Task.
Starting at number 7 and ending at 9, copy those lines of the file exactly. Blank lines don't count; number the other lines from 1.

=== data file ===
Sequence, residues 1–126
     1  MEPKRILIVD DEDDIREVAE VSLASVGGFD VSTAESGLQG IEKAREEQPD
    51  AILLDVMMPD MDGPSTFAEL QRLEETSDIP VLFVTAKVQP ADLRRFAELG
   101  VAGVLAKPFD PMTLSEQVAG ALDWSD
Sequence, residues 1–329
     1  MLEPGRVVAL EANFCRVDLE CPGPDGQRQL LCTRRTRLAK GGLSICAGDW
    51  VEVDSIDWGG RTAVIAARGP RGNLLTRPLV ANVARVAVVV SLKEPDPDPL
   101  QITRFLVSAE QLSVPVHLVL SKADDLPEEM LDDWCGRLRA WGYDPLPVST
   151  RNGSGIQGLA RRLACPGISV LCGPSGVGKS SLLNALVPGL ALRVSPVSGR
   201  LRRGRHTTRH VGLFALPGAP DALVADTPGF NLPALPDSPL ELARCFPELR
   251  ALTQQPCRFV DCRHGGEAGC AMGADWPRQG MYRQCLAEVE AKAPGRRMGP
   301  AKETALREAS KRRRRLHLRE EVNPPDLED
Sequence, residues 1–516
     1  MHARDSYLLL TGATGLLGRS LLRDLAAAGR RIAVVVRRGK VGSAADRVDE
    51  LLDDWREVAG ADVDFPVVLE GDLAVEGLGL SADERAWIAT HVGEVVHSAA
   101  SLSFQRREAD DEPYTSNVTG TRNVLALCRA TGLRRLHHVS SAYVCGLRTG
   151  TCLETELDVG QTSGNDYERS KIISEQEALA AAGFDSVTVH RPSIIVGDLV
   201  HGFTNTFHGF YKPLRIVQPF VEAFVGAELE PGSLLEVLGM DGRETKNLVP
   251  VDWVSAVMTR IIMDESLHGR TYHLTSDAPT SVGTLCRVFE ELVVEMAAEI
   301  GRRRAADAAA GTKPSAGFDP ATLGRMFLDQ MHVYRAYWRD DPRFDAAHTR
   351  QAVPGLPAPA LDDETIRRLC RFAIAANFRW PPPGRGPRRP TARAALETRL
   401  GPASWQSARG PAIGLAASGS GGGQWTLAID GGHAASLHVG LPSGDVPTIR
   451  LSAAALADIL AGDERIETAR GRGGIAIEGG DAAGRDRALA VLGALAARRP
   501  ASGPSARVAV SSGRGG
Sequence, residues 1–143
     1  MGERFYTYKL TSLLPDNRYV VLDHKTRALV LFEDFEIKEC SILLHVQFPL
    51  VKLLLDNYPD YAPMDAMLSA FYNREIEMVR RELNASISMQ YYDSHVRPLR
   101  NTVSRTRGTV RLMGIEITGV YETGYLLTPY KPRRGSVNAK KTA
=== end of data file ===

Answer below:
    51  VEVDSIDWGG RTAVIAARGP RGNLLTRPLV ANVARVAVVV SLKEPDPDPL
   101  QITRFLVSAE QLSVPVHLVL SKADDLPEEM LDDWCGRLRA WGYDPLPVST
   151  RNGSGIQGLA RRLACPGISV LCGPSGVGKS SLLNALVPGL ALRVSPVSGR